Thursday, May 2, 2013

Kraus the comedian - now that we have Obu brand, we lack for nothing

The Last Days of Mankind is a piece of post-Biblical prophecy that ends with the destruction of humanity:

(The glow dies out.  Total darkness.  The , on the horizon, the wall of flames leaps high.  Death cries off stage.)

In fact the play ends twice, but the 1974 abridgement does not include the epilogue which includes – I am quoting a “Critical Analysis” by Franz Mauthner that follows the play – a sentence that is “probably the longest in German literature and also the longest catalogue of the sins of the German people” and a second apocalypse, for which God, in his own voice but oddly the words of the Emperor Franz Josef, denies all responsibility: “I did not will it so.”

But despite all this The Last Days of Mankind is mostly a comedy.  Monty Python stuff.  Blackadder.

SUBSCRIBER:  The rumor circulating in Vienna is that there are rumors circulating in Austria.  They’re even going from mouth to mouth, but nobody can tell you –

PATRIOT:  Nobody knows anything specific, but there must be something to it if even the government has announced that rumors have been spread.  (V. 17)

And thus a “rumors about rumors” sketch is up and running, with no one having any idea what the rumored rumors might be about.

OPTIMIST:  What do you say to the rumors?

GRUMBLER:  I am not aware of them, but I believe them.  (V. 18)

Act II, Scene 17 is the Restaurant Sketch, including the patriotic food jokes:

GENTLEMAN:  No, wait a minute – perfidy noodles – whatever does that mean?

WAITER:  Well, macaroni!

GENTLEMAN:  Oh, yes, right – Scoundrel’s salad, what’s that?

WAITER:  Salad with Italian dressing.

A woman at a pricey spa (“No Wounded Soldiers Allowed”) has become completely corrupted, able to speak only the language of propaganda and advertising:

FRAU WAHNSCHAFFE:  I have only two children, and unfortunately they are not yet eligible for military service.  And, to make things even worse, one of them, to our sorrow, is a girl.  So I have to make do by fantasizing that my boy has already been at the front, and has, naturally, already met a hero’s death.  (III.40)

Then she turns to her own duties.  I presume Kraus is simply giving her actual exhortations from newspapers and magazines:

We had a wholesome broth made with the Excelsior brand of Hindenburg cocoa-cream soup cubes…  In the beginning we really missed ersatz margarine, but now that we have Obu brand, we lack for nothing…  Today we’re going to try the much-praised hodgepodge with Yolktex brand of ersatz egg made from carbonite of lime and baking powder, and a bit of Saladfix, a delicious additive that I prefer by far to Salatin as well as to Saladol.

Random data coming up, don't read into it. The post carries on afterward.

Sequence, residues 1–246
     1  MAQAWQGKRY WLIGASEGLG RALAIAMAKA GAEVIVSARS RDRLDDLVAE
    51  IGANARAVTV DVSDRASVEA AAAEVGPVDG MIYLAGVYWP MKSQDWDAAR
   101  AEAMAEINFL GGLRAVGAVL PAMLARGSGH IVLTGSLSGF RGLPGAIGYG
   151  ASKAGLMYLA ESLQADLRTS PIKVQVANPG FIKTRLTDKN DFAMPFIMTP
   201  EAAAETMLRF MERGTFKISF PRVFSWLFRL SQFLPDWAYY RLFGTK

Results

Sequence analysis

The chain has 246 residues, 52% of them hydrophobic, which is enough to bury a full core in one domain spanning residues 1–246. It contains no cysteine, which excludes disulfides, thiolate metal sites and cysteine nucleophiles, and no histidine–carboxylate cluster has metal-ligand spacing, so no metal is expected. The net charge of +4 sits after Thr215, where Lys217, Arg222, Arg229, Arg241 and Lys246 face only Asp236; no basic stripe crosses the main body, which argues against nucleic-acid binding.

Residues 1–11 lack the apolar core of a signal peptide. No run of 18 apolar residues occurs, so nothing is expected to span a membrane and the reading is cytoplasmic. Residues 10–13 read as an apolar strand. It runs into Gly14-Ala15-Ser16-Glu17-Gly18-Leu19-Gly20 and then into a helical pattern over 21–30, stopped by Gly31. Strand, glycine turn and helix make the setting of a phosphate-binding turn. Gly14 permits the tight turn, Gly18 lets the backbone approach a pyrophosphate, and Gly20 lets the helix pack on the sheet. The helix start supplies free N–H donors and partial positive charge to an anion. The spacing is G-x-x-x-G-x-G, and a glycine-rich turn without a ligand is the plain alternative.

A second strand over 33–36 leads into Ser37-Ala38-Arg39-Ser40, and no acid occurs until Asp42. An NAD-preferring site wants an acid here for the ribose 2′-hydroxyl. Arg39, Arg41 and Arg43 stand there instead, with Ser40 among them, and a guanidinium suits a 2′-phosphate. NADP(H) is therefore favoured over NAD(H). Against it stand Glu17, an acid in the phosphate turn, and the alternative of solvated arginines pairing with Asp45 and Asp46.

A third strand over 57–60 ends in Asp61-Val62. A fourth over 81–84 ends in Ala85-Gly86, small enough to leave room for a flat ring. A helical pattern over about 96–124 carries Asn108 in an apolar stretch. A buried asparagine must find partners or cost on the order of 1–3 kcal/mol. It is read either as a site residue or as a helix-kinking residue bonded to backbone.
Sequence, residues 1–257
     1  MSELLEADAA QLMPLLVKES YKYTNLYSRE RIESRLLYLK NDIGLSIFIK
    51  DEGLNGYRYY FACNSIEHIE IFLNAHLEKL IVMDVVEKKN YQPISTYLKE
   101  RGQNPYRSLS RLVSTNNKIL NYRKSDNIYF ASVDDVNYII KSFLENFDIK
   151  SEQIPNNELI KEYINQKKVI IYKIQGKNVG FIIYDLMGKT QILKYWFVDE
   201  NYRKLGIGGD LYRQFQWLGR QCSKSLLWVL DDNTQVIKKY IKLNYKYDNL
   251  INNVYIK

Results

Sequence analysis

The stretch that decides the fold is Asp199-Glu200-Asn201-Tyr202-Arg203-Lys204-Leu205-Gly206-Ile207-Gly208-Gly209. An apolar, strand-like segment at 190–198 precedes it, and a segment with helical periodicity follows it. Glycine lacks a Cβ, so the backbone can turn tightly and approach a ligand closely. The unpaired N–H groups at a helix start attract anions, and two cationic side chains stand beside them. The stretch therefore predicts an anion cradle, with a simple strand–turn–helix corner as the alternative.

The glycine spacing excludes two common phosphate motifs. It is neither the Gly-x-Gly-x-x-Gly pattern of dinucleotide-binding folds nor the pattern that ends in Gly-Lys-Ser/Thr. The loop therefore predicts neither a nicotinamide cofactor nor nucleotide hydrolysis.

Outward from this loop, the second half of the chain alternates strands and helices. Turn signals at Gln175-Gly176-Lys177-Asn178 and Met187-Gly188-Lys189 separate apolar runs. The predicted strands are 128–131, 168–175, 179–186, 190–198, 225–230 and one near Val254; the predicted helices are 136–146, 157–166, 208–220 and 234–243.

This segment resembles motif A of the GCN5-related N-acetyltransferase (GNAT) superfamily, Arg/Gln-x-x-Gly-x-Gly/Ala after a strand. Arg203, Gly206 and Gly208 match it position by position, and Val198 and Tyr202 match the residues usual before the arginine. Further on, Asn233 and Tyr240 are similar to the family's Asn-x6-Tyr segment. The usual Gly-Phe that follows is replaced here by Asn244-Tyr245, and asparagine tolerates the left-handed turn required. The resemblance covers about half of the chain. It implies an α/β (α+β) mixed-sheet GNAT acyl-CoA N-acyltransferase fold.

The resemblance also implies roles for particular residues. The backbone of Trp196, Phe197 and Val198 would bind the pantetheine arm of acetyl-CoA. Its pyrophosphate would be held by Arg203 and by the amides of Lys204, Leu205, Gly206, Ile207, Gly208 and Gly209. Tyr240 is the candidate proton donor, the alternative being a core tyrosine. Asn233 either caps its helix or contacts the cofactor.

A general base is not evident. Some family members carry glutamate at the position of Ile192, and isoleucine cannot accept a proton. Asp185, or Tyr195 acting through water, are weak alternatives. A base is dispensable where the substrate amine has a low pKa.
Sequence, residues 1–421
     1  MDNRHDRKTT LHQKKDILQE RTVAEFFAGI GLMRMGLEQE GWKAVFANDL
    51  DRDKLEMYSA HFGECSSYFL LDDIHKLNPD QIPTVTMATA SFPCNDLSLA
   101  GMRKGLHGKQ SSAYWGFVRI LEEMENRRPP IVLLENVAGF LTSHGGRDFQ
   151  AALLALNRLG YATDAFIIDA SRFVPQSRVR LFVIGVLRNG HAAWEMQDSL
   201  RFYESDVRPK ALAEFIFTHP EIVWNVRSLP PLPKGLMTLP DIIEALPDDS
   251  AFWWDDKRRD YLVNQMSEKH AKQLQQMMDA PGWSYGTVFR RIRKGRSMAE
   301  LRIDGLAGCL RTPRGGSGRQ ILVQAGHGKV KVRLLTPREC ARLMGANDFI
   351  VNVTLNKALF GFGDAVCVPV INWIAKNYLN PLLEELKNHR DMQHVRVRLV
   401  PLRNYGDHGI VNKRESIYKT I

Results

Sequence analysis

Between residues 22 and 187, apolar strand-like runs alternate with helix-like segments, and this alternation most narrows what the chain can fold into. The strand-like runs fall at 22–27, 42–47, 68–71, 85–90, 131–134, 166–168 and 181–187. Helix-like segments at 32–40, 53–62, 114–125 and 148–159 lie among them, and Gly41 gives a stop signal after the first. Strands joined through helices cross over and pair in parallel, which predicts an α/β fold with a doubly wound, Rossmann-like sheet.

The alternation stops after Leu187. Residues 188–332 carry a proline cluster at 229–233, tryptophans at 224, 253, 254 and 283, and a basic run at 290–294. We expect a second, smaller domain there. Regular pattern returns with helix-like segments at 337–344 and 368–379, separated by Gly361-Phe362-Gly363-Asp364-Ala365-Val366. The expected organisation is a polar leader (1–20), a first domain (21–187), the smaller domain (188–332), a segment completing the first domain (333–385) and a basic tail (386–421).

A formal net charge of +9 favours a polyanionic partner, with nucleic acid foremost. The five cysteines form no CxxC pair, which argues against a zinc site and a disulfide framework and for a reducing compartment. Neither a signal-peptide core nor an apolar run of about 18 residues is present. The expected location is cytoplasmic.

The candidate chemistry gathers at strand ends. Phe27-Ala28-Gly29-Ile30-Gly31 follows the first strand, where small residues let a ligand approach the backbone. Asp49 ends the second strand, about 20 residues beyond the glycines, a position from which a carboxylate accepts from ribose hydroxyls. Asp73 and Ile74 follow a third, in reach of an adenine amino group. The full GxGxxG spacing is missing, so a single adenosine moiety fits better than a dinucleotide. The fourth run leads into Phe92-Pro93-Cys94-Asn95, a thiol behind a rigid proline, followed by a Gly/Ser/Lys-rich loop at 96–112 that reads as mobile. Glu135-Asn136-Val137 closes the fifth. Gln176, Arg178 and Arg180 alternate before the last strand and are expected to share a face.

Battlefield skits, incompetent officers, idiotic leaders, self-serving journalists, repulsive psychiatrists – oh how Kraus hated psychiatry.  But as the play progresses, the tone darkens – as does the war – the comedy becomes blacker and in many cases moves beyond the comic as the absurd becomes nightmarish.  Finally Kraus blows it all up, which I suppose, in my next post, is where Kraus week should end.


  1. Comedy, especially political comedy, is a tricky business, nicht wahr? Maybe Kraus' contemporaries thought this was all too much, too soon, and he really did need to wait until his writing was outdated. "Wahnschaffe" as a character name and the jibes at Italy and the rumors about rumors might have stung, might have just seemed too obvious at the time. It all seems pretty good now, though, to a foreigner a century after the fact.

  2. He wanted it to be too much.

    What I give no sense of here is how the jokes repeat and in the process acquire weight. A light jab in 1914 / Act I turns into a gut punch by 1918 / Act V.

    Or maybe "weight" is the wrong metaphor. It is more like the war (and play) hollows itself out until it collapses.

    An unusual "dramatic" effect.

  3. Well, I guess two apocalypses are always better than one. Enjoyed the "pricey spa" joke and the way the litany of food items & additives was turned into comedy Georges Perec silly list-style--and out of chronological order at that!

  4. Better, yes, so a little frustrating to not be able to read the second one!